According to DonateLife about 90 per cent of families will consent to donation if their dead relative was registered as an organ donor compared to around 50 per cent if they are not. Perhaps that is something the member for Footscray could pursue.
The other thing to consider is what else we could do to increase the supply of donors—that is ethical, that is. Every year some people are deemed unsuitable to donate their organs because they have hepatitis C or may have been exposed to hepatitis C because they have injected drugs at some stage. This was estimated to be around 10 per cent of potential donors in 2015 in Australia in a paper published earlier this year in scientific reports by Scott, Doyle and others. International experience shows that this need not be a barrier because hepatitis C is now readily treatable. The barrier of hepatitis C or potential hepatitis C could easily be removed, allowing an immediate increase in the organ supply. This is not happening on any scale in Australia because the Pharmaceutical Benefits Scheme will not supply the necessary few weeks of hepatitis C treatment drugs for transplant recipients. Victoria should approach the federal health department and resolve this relatively small barrier to increasing the supply of donors.
Finally, as we heard earlier, there is an argument that all of us should be assumed to be organ donors unless we or our relatives when we die opt out. Opt-out organ donation has been widely discussed and is actively promoted by Mr Allan Turner, whose daughter Zaidee’s organs benefited seven others. This was adopted in the UK in May this year and already applies in a number of countries. Personally I find it a persuasive argument. Families can still say no if they wish.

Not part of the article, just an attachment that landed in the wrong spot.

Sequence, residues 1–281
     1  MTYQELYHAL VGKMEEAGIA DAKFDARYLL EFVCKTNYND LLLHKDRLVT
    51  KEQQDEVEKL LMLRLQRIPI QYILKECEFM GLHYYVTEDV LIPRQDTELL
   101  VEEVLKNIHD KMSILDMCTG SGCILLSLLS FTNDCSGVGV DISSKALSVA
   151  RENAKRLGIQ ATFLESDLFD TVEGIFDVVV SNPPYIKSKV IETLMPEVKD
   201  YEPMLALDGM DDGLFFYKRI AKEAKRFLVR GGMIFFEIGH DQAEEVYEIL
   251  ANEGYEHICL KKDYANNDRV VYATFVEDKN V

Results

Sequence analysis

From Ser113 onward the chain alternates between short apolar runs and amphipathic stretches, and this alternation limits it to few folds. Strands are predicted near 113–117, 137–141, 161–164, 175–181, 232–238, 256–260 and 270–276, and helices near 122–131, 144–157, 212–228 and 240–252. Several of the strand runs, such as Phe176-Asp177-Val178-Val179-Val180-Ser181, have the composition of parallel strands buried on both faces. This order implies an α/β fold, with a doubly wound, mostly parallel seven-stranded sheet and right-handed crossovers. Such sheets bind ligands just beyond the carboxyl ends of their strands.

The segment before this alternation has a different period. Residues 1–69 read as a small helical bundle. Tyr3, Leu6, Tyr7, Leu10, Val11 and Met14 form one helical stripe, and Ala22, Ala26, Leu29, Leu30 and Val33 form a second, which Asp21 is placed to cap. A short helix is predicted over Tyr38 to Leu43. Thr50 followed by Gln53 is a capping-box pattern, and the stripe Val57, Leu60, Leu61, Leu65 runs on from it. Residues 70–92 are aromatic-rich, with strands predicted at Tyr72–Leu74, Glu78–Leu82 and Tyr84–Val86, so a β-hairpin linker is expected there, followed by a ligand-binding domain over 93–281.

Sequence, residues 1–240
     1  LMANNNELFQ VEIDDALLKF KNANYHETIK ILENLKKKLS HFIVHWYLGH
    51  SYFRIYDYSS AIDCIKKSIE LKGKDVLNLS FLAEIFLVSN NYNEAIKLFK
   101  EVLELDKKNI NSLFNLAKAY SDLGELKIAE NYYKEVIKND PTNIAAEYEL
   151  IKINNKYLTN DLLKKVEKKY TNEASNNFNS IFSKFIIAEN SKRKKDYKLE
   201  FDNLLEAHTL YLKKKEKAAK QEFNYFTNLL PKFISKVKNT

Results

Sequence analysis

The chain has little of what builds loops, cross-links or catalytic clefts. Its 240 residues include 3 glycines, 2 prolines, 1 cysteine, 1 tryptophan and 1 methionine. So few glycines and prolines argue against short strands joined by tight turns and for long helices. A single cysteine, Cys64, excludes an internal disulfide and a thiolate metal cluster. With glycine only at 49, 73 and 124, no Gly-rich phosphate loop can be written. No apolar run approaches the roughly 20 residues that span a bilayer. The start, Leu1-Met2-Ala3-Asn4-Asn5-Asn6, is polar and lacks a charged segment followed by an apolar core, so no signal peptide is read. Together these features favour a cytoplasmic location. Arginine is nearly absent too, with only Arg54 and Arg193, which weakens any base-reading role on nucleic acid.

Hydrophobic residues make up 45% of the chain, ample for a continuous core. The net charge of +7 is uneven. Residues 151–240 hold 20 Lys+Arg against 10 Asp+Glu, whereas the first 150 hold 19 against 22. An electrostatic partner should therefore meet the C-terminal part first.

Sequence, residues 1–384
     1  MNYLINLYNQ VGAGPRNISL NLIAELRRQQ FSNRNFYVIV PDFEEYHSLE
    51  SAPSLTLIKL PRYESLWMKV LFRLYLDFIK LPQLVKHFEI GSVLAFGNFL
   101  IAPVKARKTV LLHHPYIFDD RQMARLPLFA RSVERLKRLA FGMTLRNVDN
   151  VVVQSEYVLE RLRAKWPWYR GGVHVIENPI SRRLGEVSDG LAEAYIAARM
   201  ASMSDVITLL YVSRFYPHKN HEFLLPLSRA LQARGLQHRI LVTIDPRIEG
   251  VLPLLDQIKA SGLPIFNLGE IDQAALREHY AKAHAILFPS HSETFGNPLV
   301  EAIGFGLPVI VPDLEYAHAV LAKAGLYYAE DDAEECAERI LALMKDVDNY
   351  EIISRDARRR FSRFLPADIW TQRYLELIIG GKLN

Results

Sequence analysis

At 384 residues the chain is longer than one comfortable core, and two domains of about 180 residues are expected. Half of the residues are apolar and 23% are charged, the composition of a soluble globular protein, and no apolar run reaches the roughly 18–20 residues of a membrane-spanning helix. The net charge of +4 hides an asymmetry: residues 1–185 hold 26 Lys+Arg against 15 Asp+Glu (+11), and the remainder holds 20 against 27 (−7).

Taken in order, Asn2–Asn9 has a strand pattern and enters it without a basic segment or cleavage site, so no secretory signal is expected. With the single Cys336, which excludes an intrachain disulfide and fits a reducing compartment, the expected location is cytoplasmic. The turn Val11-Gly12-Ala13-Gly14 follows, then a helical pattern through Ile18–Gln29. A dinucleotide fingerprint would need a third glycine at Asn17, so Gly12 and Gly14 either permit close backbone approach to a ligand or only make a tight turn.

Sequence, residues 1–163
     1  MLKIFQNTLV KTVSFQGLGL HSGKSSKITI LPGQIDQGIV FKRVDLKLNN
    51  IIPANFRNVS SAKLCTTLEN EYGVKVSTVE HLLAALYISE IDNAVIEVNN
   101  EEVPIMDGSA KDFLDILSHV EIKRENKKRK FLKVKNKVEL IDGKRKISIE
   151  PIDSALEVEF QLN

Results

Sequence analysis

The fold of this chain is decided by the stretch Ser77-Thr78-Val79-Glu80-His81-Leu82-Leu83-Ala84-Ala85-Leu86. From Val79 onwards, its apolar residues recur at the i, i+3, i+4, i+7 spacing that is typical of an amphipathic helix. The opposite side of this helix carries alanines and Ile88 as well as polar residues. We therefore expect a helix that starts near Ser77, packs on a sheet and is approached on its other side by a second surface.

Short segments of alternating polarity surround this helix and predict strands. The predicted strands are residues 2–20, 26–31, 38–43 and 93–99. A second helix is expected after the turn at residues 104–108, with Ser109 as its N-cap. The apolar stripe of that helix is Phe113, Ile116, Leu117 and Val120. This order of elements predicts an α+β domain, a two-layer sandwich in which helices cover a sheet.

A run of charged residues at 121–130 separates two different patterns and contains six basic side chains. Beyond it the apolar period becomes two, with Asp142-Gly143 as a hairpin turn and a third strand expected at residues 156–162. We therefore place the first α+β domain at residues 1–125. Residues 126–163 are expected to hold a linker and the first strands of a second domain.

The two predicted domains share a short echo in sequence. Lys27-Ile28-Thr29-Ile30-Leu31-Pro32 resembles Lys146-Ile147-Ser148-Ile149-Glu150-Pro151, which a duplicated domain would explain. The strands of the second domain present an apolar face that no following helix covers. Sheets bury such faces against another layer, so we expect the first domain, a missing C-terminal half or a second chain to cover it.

In practice this does not really change what happens a great deal; it just means that the conversation begins from a starting point that everyone is a potential organ donor. However, I think it is very important that we heed the concerns raised by health workers and others that any suggestion of compulsion would undermine trust in the health system, particularly among those from some of the diverse cultures who rely upon our health system. Like vaccination, trust is important, and compulsion risks eroding the social licence. Organ donation requires a spirit of altruism, and that could be undermined or damaged by an opt-out system. We need to consider this, but we should not necessarily be paralysed by this as a potential barrier.
Our community has changed over the past few years and opt-out donation may be more acceptable than it would have been 10 or 20 years ago. Perhaps we should do some research and find out. The Greens support this necessary bill, but it will not really change anything much. What would make a welcome change would be for the state government to increase the number of eligible donors by arranging hepatitis C treatment for transplant patients and by linking driver licensing to organ donation registration and then, if we still cannot get our consent rate up high enough, to explore opt-out organ donation.
Sign up for my newsletter here.